The field trip to Mostar, Sarajevo and Srebrenica that I have undertaken with other participants of GHI summer school wasn’t my first trip to Bosnia. First couple of times, I went there as a high school kid spending Christmas holidays with my father who owned and operated a small lumber mill near Brčko. Sometime afterwards I went to Sarajevo as a tourist, enjoying springtime walks over the numerous bridges that spanned Miljacka River and enjoying the vibrant nightlife of the city. This trip was the first one that made me confront the horrors of the bloodiest part of Yugoslav wars that were until now only a blurry figment of memory for me. As our young tour guide took as through streets of Sarajevo, and later as I was wandering through Potočari Memorial Center, feeling oppressive presence of extinguished lives I remembered Izet Sarajlić, one of my favorite poets. I remembered reading about him staying with his wife and two sisters through the siege of Sarajevo, writing some of his saddest poems that mourned the death of the world he once knew. Sarajlić, who as a brilliant young poet inspired by Whitman and Prevert, in the 1970’s dedicated one of his poems to Radovan Karadžić his friend from literary circles. Twenty years later, Sarajlić was wounded when a mortar shell fired from the positions held by soldiers under Karadžić’s command hit his house. While reading his wartime poems through first years of college I was shocked by the matter-of-factness with which the aged poet reported on great human tragedy of Sarajevo. His verses came back to me with surprising clarity as I went through the inner struggle to observe the traces of that tragedy from critical distance required by historians:
The theory of maintaining distance
was discovered by writers of post-scripts,
those who don’t want to risk anything.
I myself belong among those who believe
that on Monday you have to talk about Monday,
because by Tuesday it might be too late.
It’s hard, of course,
to write poems in the cellar,
when mortars are exploding above your head.
Only it’s harder not to write poems.
When I returned to Dubrovnik and had to prepare my part of group presentation the final day Sarajlić was speaking in the back of my mind all the time. Sadly, as a historian, I made writing about Mondays on Tuesdays my calling. So I talked about the saddest post-script I could think of then: the fact that Markale, Potočari and Keraterm, former symbols of modernity served as stages of atrocity, places where Yugoslav narratives of brotherhood, unity and solidarity were drowned in blood of the innocent. Now when I reflect on our field trip I constantly dwell upon the impossibility of distance when thinking about that road that the society of Yugoslavia had taken: from Sarajlić inspired by Whitman, to Karadžić inspired by Njegoš, from Yugoslav modernity to Yugoslav wars. In short, from poems to post-scriptums.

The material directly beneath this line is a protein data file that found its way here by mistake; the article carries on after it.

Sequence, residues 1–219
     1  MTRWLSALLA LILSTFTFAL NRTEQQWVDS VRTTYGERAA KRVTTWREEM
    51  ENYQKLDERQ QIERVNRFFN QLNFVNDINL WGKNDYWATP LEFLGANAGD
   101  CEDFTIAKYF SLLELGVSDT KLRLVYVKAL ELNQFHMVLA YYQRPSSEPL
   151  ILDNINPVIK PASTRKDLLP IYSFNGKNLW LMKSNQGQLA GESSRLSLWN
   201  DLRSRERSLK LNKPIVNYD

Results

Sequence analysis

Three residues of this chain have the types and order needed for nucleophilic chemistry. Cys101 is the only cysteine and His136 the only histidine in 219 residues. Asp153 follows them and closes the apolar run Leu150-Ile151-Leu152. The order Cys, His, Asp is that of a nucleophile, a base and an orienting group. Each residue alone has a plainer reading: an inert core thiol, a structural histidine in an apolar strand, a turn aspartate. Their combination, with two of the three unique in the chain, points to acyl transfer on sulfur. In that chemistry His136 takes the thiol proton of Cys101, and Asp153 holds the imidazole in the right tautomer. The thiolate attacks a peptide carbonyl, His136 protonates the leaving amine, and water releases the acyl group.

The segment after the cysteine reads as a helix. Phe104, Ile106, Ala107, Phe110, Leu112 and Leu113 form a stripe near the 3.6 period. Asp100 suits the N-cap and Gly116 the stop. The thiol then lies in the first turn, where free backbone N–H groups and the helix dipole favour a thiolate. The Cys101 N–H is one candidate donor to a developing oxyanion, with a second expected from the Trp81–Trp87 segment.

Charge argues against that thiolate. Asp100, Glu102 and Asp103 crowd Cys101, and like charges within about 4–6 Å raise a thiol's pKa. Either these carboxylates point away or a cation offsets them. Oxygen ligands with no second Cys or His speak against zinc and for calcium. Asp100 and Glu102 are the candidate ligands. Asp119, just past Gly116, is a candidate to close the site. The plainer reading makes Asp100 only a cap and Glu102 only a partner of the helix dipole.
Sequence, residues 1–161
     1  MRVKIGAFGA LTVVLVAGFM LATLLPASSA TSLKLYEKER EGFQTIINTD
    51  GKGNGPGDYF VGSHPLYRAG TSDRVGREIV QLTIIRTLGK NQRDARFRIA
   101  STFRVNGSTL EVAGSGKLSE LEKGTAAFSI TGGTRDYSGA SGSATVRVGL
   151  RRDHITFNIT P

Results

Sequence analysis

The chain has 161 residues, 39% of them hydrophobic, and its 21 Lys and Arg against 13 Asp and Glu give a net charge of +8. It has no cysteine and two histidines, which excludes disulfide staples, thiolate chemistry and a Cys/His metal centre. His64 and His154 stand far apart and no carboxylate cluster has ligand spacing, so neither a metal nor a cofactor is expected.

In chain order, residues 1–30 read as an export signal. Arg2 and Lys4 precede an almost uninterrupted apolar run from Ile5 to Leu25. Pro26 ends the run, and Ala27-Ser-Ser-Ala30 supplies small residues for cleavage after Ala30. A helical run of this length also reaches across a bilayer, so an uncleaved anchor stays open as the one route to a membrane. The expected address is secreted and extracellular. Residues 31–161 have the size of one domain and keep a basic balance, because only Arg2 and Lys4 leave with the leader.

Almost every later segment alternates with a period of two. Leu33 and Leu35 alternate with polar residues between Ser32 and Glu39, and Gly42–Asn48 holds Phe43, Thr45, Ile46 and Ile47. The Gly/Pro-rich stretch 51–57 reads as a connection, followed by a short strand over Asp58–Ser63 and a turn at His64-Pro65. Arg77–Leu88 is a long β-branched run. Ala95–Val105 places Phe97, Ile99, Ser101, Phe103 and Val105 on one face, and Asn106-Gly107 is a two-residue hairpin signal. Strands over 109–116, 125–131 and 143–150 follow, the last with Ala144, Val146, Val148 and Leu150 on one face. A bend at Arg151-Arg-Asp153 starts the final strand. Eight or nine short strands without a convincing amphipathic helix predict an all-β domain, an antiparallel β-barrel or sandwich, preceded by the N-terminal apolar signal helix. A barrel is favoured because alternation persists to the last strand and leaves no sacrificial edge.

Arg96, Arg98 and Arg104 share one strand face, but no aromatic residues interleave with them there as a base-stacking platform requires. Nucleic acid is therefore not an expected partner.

Vinko Drača, Faculty of Humanities and Social Sciences, University of Zagreb. The title of Drača’s future PhD thesis is “Psychiatric discourse and society in the fin de siecle Croatia.” In his dissertation, he will try to show the influence of emotional regime of upper middle class on 19th century psychiatry and how had dissemination of psychiatric discourse in the public sphere influenced conceptions of Self, emotions and gender. In his research he uses medical journals and patient files of the Royal and Land Asylum for the Insane in Stenjevec which was the largest psychiatric institution in Austo-Hungarian Croatia. Those patient files are extremely important because they can give us insight into the interpersonal relations of patients and doctors and they enable us to see the way in which psychiatric diagnostics and perception of mental illness was formed. Also, the presence of mediated voice of the asylum inmates (most of them were illiterate men and women of rural origin) in-patient files enables us to witness the traumatic impact of modernizing processes on patients and the way their reaction to those processes was interpreted by psychiatrists.